The International Canoe Sprint program returns to Duisburg, Germany, this year after a one-year absence that was felt dearly by the passionate local fans.

But organisers are confident those same fans, athletes and officials will like what they see when they turn up in May for the second canoe sprint world cup of 2018.

“We like to be recognised as the “living room” for the athletes competing in flatwater canoeing,” Duisburg press officer, Hermann Kewitz, said.

“We have done a lot to strengthen this position. During the last two years the national government, the state of North Rhine Westfalia and the city of Duisburg invested several million Euro for the refurbishment of the course.

“Our guests from all over the world this year can expect a course which is state of the art. And as always, they can expect a well-run organisation and fair conditions for their competitions.

“From the perspective of the spectators, we will showcase high class races, setting up the center stage for the best athletes in the world of canoeing and celebrating a canoe party.”

Kewitz said for the Duisburg fans, absence has definitely made the heart grow stronger. For a city so used to being at the centre of canoe sprint action, 2017 seemed to drag on forever.

“We were the host city of six canoe World Championships, including the para canoe event in 2016, and we have run a lot of World Cups or International Regattas since 1979,” Kewitz said.

“The citizens of Duisburg expect to experience at least one big event on our course each year. You can see how familiar the people in Duisburg are with canoe sport when looking back to last year. Because of the refurbishment of the course we were not part of the World Cup in 2017. We received a lot of questions – “Eh, guys, what’s going on? No World Cup this year?”

“I can say people are looking forward to the event, and they are keen on experiencing all the athletes in the city and when strolling through the downtown area.”

The early signs are good for Duisburg’s return to the circuit. Teams from New Zealand, Poland and Sweden have already registered, and the year is still young.

Accommodation and transport, two of the potential logistical headaches for an organiser, have been sorted. Kewitz said Duisburg is busy, but on track.    

“That’s one of the advantages of being a host for major canoe events for more than 30 years,” he said.

“You know what to do and you can rely on your experts in each field. Let me stress, all of our people working for the Kanu Regatta-Verein Duisburg, the local organiser appointed by the German Canoe Federation, are volunteers and very experienced as well.

“We know that a lot of national federations will make use of our event as a test for this year’s World Championships. We used to welcome around 30 nations, but currently we expect athletes, coaches and officials from more than 50 national federations as our guests in Duisburg.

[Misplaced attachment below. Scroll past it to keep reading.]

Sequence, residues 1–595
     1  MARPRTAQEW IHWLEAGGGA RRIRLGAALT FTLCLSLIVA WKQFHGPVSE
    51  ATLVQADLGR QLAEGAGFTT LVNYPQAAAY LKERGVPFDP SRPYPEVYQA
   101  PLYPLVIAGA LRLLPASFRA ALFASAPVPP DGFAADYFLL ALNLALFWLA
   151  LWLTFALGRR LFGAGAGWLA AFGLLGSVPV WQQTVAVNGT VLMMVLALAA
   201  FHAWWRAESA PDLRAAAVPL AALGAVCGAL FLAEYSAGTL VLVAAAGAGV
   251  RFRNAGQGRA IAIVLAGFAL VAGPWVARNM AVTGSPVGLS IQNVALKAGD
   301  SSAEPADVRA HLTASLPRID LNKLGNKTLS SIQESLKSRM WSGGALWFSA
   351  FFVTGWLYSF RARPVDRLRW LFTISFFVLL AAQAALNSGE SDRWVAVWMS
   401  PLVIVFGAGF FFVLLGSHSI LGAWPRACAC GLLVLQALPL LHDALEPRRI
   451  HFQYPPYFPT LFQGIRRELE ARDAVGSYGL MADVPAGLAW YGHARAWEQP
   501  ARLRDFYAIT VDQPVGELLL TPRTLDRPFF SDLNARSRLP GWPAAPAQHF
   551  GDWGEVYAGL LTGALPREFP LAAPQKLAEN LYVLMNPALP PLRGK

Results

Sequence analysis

“The workload concerning the logistics and so on has increased over the year.”

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With the growth in participants has come increased expectation about the product delivered. It is no longer just about making sure the races start on time, the competitors are in the right lanes, and there’s enough to eat and drink.

One of the biggest challenges for organisers, and the International Canoe Federation, is to ensure canoeing’s global audience is treated to a spectacle to remember.

Video and television production needs to be slick, informative and entertaining, showcasing the sport and the host city.

 “I think establishing a decent TV production with the support of the ICF is challenging in a way,” Kewitz said.

“During the last two years we worked on some improvements for the production on site. For example, we have built a track for the camera to give the best impressions of the last 200 meters.

“We certainly hope that it works the way we expect it.”

Including last year’s Paracanoe titles, there have been six World Championships in Germany’s undisputed canoe sprint capital.

It’s earned its reputation by providing a top quality product, revered by athletes, officials and fans. And as Kewitz points out, Duisburg has a nametag to live up to.

“Some years ago ICF President José Perurena described Duisburg as the Wimbledon for his sport,” Kewitz said.

“We want to defend this title. And of course, we are planning to apply for hosting ICF championships in the future. Being on the World Cup calendar supports these goals.

“But there is more than this. Duisburg loves canoe and the citizens are proud of Duisburg as an important location for the ICF.

“Actually we want to serve for these qualities. Having this reputation supports the efforts to advertise Duisburg as a lively and lovely city.”

The second ICF Canoe Sprint World Cup will be held in Duisburg from May 25-27.


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